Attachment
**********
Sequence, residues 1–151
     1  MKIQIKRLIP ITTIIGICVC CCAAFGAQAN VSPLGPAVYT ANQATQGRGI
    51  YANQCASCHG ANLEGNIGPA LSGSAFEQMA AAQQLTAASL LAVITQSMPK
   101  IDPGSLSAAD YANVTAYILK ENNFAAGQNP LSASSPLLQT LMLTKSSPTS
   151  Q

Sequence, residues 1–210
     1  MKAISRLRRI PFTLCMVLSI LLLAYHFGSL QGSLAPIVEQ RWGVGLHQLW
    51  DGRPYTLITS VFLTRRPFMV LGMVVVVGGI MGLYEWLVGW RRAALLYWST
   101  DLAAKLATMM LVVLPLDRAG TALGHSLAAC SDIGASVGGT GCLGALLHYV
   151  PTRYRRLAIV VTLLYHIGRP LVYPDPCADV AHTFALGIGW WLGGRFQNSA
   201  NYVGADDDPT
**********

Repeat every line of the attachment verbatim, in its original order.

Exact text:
Sequence, residues 1–151
     1  MKIQIKRLIP ITTIIGICVC CCAAFGAQAN VSPLGPAVYT ANQATQGRGI
    51  YANQCASCHG ANLEGNIGPA LSGSAFEQMA AAQQLTAASL LAVITQSMPK
   101  IDPGSLSAAD YANVTAYILK ENNFAAGQNP LSASSPLLQT LMLTKSSPTS
   151  Q

Sequence, residues 1–210
     1  MKAISRLRRI PFTLCMVLSI LLLAYHFGSL QGSLAPIVEQ RWGVGLHQLW
    51  DGRPYTLITS VFLTRRPFMV LGMVVVVGGI MGLYEWLVGW RRAALLYWST
   101  DLAAKLATMM LVVLPLDRAG TALGHSLAAC SDIGASVGGT GCLGALLHYV
   151  PTRYRRLAIV VTLLYHIGRP LVYPDPCADV AHTFALGIGW WLGGRFQNSA
   201  NYVGADDDPT